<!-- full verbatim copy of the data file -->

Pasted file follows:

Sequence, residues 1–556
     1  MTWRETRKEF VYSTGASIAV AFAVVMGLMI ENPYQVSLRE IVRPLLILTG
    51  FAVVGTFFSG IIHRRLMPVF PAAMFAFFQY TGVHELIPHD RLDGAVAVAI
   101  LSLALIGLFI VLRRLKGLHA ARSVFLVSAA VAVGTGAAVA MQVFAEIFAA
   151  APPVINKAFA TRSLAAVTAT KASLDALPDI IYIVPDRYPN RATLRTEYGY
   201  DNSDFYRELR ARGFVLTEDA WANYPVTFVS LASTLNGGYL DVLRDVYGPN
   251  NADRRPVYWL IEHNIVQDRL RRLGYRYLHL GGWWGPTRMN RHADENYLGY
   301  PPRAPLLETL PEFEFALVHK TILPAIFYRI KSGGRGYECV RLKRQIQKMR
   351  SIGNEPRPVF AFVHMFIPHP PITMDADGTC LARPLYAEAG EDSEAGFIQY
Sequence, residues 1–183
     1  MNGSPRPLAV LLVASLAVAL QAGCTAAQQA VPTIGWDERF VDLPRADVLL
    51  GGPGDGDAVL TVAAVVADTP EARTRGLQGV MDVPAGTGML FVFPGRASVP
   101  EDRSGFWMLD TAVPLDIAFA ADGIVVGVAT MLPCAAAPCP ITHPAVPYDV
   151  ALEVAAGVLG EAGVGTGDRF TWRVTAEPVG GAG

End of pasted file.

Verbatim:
Sequence, residues 1–556
     1  MTWRETRKEF VYSTGASIAV AFAVVMGLMI ENPYQVSLRE IVRPLLILTG
    51  FAVVGTFFSG IIHRRLMPVF PAAMFAFFQY TGVHELIPHD RLDGAVAVAI
   101  LSLALIGLFI VLRRLKGLHA ARSVFLVSAA VAVGTGAAVA MQVFAEIFAA
   151  APPVINKAFA TRSLAAVTAT KASLDALPDI IYIVPDRYPN RATLRTEYGY
   201  DNSDFYRELR ARGFVLTEDA WANYPVTFVS LASTLNGGYL DVLRDVYGPN
   251  NADRRPVYWL IEHNIVQDRL RRLGYRYLHL GGWWGPTRMN RHADENYLGY
   301  PPRAPLLETL PEFEFALVHK TILPAIFYRI KSGGRGYECV RLKRQIQKMR
   351  SIGNEPRPVF AFVHMFIPHP PITMDADGTC LARPLYAEAG EDSEAGFIQY
Sequence, residues 1–183
     1  MNGSPRPLAV LLVASLAVAL QAGCTAAQQA VPTIGWDERF VDLPRADVLL
    51  GGPGDGDAVL TVAAVVADTP EARTRGLQGV MDVPAGTGML FVFPGRASVP
   101  EDRSGFWMLD TAVPLDIAFA ADGIVVGVAT MLPCAAAPCP ITHPAVPYDV
   151  ALEVAAGVLG EAGVGTGDRF TWRVTAEPVG GAG